One of the Maersk Group's central figures in the establishment and huge reconstruction of the group's port company, APM Terminals, has discretely stepped down from the company.
According to ShippingWatch's information, Peder Søndergaard, who recently held the title of Chief Portfolio Officer and was responsible for 32 terminal companies and global business development, including acquisitions and sales, will now be bidding farewell to the same company which he helped build up in a small team back in 2001 under the initiative of shipowner Mærsk Mc-Kinney Møller.
The port company's independence and distance from Maersk were crucial at that time, and was cemented with the relocation of APT Terminals' headquarters from Copenhagen to the Hague in the Netherlands back in 2004.
This longstanding business approach now faces a radical shift under the new Maersk management team led by Group CEO Søren Skou, when Maersk Line and APM Terminals are closely linked together with logistics company Damco, towage company Svitzer and container facility MCI.
Huge management reshuffle
APM Terminals' longstanding CEO of many years, Kim Fejfer, was replaced by Morten Engelstoft in the Hague at the end of 2016 after 12 years in the role. Today, Fejfer is CEO of the Maersk family's Africa fund A.P. Møller Capital.
The entire management of APM Terminals has today been shifted around and until recently, Søndergaard was the last man standing and an individual described to ShippingWatch as the most central figure in the development of the port company in close alignment with Fejfer.
APM Terminals was initially built up as part of Maersk Line's container business with the establishment of a company which makes billion US dollar investments in ports and terminals around the world, and which had to become independent of the group's own container carrier a few years later in order to make terminals available to the company's competitors, thus generating earnings for the group.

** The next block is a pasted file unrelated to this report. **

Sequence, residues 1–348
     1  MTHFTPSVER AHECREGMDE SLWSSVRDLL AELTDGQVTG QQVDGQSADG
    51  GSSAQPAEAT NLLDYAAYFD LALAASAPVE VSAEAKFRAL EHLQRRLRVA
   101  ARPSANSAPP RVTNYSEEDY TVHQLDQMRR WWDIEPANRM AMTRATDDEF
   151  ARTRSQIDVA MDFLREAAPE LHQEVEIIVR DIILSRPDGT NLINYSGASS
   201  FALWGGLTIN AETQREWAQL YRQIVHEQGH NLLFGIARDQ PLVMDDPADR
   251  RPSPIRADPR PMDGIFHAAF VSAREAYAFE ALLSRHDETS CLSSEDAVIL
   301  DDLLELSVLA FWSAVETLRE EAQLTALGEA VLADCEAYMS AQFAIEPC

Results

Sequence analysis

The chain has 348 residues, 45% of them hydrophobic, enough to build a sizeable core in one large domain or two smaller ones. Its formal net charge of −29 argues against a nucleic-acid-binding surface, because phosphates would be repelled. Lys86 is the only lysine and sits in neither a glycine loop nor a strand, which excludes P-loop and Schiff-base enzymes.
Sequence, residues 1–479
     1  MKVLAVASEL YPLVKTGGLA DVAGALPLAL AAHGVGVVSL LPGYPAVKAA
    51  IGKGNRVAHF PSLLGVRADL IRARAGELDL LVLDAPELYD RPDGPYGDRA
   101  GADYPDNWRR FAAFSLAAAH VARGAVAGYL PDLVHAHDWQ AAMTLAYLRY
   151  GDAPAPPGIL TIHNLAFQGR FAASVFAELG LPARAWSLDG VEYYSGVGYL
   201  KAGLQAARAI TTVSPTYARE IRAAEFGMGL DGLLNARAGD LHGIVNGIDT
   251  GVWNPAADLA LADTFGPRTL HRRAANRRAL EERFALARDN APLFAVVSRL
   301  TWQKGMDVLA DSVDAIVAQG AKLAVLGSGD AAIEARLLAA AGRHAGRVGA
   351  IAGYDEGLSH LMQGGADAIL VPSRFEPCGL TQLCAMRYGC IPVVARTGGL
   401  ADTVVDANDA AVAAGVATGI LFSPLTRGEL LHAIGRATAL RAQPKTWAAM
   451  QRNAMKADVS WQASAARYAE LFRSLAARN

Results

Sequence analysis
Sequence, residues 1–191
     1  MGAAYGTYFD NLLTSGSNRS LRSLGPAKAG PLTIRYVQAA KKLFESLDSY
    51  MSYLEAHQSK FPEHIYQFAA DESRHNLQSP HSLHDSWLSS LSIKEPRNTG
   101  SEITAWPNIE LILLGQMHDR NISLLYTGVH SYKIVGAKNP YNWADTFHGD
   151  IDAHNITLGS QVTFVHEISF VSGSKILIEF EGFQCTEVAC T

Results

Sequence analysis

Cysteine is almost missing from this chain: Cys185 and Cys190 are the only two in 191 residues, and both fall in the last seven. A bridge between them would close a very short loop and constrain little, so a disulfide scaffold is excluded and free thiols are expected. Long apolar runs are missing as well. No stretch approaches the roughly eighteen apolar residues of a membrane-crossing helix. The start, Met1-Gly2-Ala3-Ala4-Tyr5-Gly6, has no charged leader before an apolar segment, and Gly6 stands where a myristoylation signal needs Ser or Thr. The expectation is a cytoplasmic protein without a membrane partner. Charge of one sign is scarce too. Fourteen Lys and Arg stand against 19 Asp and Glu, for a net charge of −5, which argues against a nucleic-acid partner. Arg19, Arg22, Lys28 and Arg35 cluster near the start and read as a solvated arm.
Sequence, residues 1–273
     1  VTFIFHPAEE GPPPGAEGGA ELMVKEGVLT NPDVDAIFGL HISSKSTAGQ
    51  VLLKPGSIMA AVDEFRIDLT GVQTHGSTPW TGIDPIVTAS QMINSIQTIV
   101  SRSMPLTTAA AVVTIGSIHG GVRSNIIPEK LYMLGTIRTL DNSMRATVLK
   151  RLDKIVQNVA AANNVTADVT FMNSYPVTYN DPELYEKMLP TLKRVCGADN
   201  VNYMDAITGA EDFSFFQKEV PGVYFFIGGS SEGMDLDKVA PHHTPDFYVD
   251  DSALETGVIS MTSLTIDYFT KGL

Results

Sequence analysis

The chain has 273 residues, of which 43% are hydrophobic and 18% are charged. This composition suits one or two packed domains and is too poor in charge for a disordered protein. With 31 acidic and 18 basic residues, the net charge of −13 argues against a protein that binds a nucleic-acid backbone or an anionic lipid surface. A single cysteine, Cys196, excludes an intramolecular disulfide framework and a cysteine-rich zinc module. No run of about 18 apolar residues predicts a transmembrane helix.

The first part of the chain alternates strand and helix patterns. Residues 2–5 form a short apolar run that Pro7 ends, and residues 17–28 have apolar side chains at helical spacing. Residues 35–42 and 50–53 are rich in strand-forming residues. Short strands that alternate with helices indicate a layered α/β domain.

The fundamental philosophy around APM Terminal's independence of Maersk with significant port investments continued under the group's former CEO Nils Smedegaard Andersen, who was replaced by Maersk Line's longstanding CEO Søren Skou as Group CEO on July 1 2016.
With the notable exit of Søndergaard (pictured), the management reshuffle of APM Terminals is complete. Not counting oil earnings in the North Sea, APM Terminals was for a period part of the group's most important business together with Maersk Line, and contributed huge earnings to the group since its establishment in 2001, until a few years ago.
Impairments in APM Terminals
Over the past few years, APM Terminals has been struck by the company's significant exposure in Africa and countries with vulnerable and oil dependent economies, which have led to several major impairments. The same markets, which previously delivered strong earnings to Maersk due to the group's daring billion US dollar investment and port operations in complicated markets and countries with primitive infrastructure which required USD billions to modernize.
According to ShippingWatch's sources, Søndergaard's departure is related to an an internal discussion within Maersk about whether the group's massive billion dollar investment in ports and terminals, often on concessions of 20-30 years duration, will be a viable road for the new Maersk.
For years, Maersk had insisted that the two companies, despite obvious similarities in ownership, were independent companies that dealt with all carriers alike and on the same conditions. So when the integration of Maersk Line and APM Terminals was announced in 2016, it created turmoil amongst APM Terminals' customers and Maersk Line's competitors.
ShippingWatch has tried to get comment from Søndergaard, who according to sources has faced difficulty in developing new and future strategy for APM Terminals, and with the company's integration with Maersk Line.
English Edit: Lena Rutkowski